Saturday, June 2, 2007

BREAKING: Pam's Backstage "Shenanigans"

Sorry I've been lax in posting the past few days as I catch up with work and deal with some family drama. Plenty to report in coming days, so stay tuned.

But here's something that just won't wait. Tonight Miles and I attended the opening of the Hans Klok-Pamela Anderson show at Planet Ho, "The Beauty of Magic." We'll have a full report on "The Strip" podcast this week for sure.

Anyhow...the premiere was scheduled to start at 7:30 pm so, stupid us, we actually were in our seats around that time. By 8 pm, we'd seen almost everyone we actually like -- Robin Leach, the R-J's Mike Weatherford, the Sun's John Katsilometes -- and were getting antsy. (Norm, where were ya?!?)

So we corralled a prominent Planet Ho exec to ask what the hold up was. And this is what was said:

"Pam is back there with David LaChappelle and Amy Winehouse and there are some, uh, shenanigans."

Amy Winehouse is the up-and-coming British singer who has become known for canceling concerts because of her drinking. David LaChappelle, of course, directed Elton John's "The Red Piano" show at Caesars Palace's Colosseum, and Pam pole-dances in the video that accompanies Elton's "The Bitch Is Back."

We can only imagine what the "shenanigans" were -- or why it would hold up the show, seeing how Pam doesn't appear in "The Beauty of Magic" until about 45 minutes in.

Thursday, May 31, 2007

Brandon Flowers: Other Vegas Bands Are Jealous

The Brandon Flowers interview is up (along with the rest of the episode including a really great Top Secret Tourist Tip of the Week). Click on that link above or right-click here to download it to your computer and listen at your leisure.

Here's the part that's bound to get some attention (Tramps is the gay bar the band first started out playing in):

"We want people to be proud of us, y'know? There's so much jealousy that goes on in Las Vegas about what we've done. And it's kind of a shame. We'll sell out the show but a lot of the people are going to be from L.A. It's pretty pathetic. It's a common thing for people in your hometown to kind of shy away. The people who filled Tramps up, those people aren't going to be in the front as they were before we sold any records. They're going to be bitching about it on blogs."

Flowers also talks about playing with U2, those gay rumors and what's next after they wrap up their second tour on Friday at the Hard Rock Hotel.

Also up is a BONUS edition featuring an animated interview with drummer Ronnie Vannucci Jr., who tells of playing a Caesars Palace lounge at age 6 and responds to critics of the second album, "Sam's Town." Right-click here to download that.

Wednesday, May 30, 2007

"The Strip" is LIVE tonight with 7-8 pm with Brandon Flowers

Don't forget to join us 7-8 pm PT with Brandon Flowers of the Killers at LVRocks.Com!

My Night With Liza and Liza


What starts out on a lark ends up with another adoring recruit from the ranks of Minnelli's most fervent fan base

By Steve Friess
05/30/07 - NVToday.Com
Liza Minnelli grabbed my arm painfully tight. Her ecstasy was understandable, I guess. She just couldn’t believe this was happening to her. It was a dream come true! She was a mere six rows from her idol, Liza Minnelli, and she was having a really difficult time containing herself, of not leaping on stage to help belt out the numbers she’s performed countless times.

For me, of course, it was a gag. A journalistic stunt. Something I could joke about later and write about on my blog and possibly include in a piece I was writing for Tuesday’s New York Times about a celebrity impersonators convention at the Imperial Palace. I envisioned regaling people at cocktail parties for years to come with this tale. “There was this time that I took a Liza impersonator to a Liza Minnelli concert in Vegas,” I’d be able to say.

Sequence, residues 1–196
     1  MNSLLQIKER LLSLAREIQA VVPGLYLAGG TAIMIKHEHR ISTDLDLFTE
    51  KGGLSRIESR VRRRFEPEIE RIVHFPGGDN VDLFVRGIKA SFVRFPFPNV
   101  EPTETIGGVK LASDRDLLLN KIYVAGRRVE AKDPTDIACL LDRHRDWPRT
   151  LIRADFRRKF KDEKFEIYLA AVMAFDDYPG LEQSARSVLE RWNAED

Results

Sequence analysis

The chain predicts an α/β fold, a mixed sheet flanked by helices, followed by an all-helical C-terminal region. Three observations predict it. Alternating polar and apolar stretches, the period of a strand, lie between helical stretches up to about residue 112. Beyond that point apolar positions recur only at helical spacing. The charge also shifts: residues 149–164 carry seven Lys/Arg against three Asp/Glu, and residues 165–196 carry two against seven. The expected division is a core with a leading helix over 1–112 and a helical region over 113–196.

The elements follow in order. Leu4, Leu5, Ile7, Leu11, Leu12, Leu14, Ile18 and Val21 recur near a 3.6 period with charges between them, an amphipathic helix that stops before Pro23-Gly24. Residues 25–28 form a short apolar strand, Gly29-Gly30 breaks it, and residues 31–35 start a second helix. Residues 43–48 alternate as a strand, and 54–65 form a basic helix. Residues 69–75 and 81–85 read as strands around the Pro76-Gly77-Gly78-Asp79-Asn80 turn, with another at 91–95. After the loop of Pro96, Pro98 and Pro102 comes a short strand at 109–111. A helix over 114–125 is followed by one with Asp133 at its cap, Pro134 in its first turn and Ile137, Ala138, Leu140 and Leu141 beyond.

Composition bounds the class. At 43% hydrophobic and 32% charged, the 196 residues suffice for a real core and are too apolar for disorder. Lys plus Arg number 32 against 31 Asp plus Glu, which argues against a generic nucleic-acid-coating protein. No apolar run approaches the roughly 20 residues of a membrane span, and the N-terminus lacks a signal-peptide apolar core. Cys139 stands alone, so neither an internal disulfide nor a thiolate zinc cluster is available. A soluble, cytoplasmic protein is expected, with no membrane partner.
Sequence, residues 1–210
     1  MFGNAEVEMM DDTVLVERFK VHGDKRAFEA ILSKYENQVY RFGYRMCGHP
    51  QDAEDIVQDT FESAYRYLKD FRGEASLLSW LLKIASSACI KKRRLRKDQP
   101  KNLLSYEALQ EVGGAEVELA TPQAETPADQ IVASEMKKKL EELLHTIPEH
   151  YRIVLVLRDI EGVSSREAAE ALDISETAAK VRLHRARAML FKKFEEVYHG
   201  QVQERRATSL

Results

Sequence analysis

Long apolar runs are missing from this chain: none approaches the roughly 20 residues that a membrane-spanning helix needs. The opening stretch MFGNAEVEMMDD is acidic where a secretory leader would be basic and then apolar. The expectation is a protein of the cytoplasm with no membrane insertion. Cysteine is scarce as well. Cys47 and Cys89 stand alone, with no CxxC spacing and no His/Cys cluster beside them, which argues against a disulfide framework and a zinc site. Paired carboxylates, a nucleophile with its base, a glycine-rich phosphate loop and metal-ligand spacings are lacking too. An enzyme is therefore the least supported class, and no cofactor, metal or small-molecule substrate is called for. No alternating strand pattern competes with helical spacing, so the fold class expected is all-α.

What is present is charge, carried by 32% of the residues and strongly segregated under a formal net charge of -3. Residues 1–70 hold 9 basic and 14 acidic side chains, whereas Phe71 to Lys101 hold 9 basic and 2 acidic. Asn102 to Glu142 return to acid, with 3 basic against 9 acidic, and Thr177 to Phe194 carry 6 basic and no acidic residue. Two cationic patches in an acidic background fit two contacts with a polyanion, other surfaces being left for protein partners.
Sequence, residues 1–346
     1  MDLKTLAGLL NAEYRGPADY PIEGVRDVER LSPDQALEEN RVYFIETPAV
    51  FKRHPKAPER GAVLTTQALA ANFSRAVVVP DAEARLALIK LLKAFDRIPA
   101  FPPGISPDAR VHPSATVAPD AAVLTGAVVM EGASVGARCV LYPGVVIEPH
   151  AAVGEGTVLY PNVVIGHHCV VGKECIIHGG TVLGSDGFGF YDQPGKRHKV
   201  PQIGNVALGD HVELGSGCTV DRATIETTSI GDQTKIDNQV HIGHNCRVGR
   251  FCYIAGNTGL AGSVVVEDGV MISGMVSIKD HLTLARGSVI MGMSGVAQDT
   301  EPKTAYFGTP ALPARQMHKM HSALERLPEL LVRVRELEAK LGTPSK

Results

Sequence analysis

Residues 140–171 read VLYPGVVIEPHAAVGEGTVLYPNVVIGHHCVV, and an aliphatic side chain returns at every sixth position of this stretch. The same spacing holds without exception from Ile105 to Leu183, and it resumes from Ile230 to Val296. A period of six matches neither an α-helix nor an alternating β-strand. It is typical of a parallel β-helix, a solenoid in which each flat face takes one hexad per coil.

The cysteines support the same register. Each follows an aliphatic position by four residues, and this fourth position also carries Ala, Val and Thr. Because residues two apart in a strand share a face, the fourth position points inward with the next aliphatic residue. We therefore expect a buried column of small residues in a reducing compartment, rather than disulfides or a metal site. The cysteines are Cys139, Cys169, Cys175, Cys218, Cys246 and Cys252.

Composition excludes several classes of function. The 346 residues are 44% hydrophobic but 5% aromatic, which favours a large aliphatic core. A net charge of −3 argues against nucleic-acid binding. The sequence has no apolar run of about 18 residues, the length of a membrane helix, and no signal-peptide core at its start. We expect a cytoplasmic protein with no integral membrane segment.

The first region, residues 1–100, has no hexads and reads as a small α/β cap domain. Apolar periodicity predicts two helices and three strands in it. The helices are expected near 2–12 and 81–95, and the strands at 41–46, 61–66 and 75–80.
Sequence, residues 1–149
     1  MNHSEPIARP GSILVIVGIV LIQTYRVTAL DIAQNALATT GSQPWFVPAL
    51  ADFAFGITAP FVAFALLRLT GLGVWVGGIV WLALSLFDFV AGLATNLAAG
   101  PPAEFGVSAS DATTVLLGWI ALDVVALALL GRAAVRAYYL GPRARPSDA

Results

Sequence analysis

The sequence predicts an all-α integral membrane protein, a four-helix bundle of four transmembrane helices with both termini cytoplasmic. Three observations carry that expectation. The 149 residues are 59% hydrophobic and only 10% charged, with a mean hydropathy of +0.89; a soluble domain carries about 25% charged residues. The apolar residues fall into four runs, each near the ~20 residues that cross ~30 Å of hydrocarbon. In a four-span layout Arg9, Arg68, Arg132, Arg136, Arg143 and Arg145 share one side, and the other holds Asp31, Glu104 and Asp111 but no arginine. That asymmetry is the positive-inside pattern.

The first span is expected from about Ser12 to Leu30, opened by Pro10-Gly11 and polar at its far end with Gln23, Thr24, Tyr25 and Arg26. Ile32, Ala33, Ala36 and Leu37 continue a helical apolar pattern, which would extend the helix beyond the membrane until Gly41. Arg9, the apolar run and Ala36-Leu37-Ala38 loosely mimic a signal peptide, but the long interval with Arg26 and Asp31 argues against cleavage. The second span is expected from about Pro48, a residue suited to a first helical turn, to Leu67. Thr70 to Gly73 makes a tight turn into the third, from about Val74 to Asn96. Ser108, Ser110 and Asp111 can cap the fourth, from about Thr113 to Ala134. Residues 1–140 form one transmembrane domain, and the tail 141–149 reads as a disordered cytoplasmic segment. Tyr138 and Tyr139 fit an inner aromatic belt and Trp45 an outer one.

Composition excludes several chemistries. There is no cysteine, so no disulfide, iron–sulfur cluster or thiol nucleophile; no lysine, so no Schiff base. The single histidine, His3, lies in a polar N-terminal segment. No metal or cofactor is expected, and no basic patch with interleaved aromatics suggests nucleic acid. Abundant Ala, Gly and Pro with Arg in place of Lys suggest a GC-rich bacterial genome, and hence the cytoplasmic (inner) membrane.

And so here we were — Liza dead-ringer and former "Legends in Concert" performer Suzanne Goulet and me — at the real Liza’s historic “gypsy” show, a free, intimate performance after midnight at the Luxor for hundreds of performers and show-related people on the Strip, just as the Rat Pack used to do back in the day.

Yet by the time the remarkable night was over, it no longer seemed quite so funny. Not only did spending those hours with my Liza humanize her and alter my mocking impressions of people who make a living dressing up as a famous icon, but I also finally understood for the very first time in my long gay life what it is about the real Liza that sets so many queer hearts aflutter.

You see, I’ve never been that kind of gay. You know the ones I mean, those who become flamboyantly flustered at the very notion of a certain legion of female musical legends: Judy, Madonna, Cher, Tina, Liza. True, I carry a torch for Bette Midler and yes, anyone who began her career performing in a gay bathhouse has earned their bona (boner?) fides in divadom. But oddly my intrigue began not over a cocktail at a gay bar but as a teenager watching a film nobody else seemed to like, “For The Boys,” which charmed me to death and received lousy reviews and box office. And I never obsessed about her or wanted to be her; no, my lifelong musical obsession has been over Simon & Garfunkel. Make of that what you will.

So it’s never been my thing. I’ve never seen “Liza With a ‘Z.’ ” I only saw “Cabaret” in the past year and only because I was about to interview director Hal Prince for USA Today. Liza herself (the real one) actually chastised me last summer when I interviewed her for “The Strip” podcast and clearly was out of my depth. “Honey, you haven’t seen my show, have you?” No, I sure hadn’t. And, while I’m generally familiar with the Garland-Minnelli family history, it just never held a lot of intrigue to me.

It does now. I walked into the Luxor showroom prepared for unrelenting camp such that I felt it funny to bring my own in the form of Suzanne. But Suzanne herself was no joke; she had the moves, the hair and the voice down pat, although she felt slightly embarrassed showing up in her Liza look and having so many real-Liza fans gawk at her. Some were amused, some behaved as though we were defiling the real-Liza experience.